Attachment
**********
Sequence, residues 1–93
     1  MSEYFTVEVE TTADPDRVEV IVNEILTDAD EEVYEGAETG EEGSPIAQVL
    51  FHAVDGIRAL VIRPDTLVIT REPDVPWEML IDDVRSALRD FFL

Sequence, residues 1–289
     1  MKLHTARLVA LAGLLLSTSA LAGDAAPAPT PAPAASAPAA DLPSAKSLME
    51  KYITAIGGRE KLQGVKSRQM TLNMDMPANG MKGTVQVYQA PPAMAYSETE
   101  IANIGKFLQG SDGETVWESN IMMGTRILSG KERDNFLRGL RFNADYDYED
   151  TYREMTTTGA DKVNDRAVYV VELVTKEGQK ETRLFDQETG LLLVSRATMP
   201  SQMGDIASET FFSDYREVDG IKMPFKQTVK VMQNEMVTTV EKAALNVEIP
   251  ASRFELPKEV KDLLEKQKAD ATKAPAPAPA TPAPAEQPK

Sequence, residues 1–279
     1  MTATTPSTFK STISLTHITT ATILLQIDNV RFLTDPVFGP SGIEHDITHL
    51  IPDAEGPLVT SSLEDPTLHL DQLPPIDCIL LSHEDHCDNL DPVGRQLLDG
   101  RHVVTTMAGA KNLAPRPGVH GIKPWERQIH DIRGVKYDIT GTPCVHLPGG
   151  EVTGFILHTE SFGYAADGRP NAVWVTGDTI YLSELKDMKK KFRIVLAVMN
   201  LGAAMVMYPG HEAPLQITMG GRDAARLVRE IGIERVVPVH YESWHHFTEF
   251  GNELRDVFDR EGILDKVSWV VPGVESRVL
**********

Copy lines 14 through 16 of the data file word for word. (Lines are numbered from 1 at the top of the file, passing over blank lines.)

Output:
   101  RHVVTTMAGA KNLAPRPGVH GIKPWERQIH DIRGVKYDIT GTPCVHLPGG
   151  EVTGFILHTE SFGYAADGRP NAVWVTGDTI YLSELKDMKK KFRIVLAVMN
   201  LGAAMVMYPG HEAPLQITMG GRDAARLVRE IGIERVVPVH YESWHHFTEF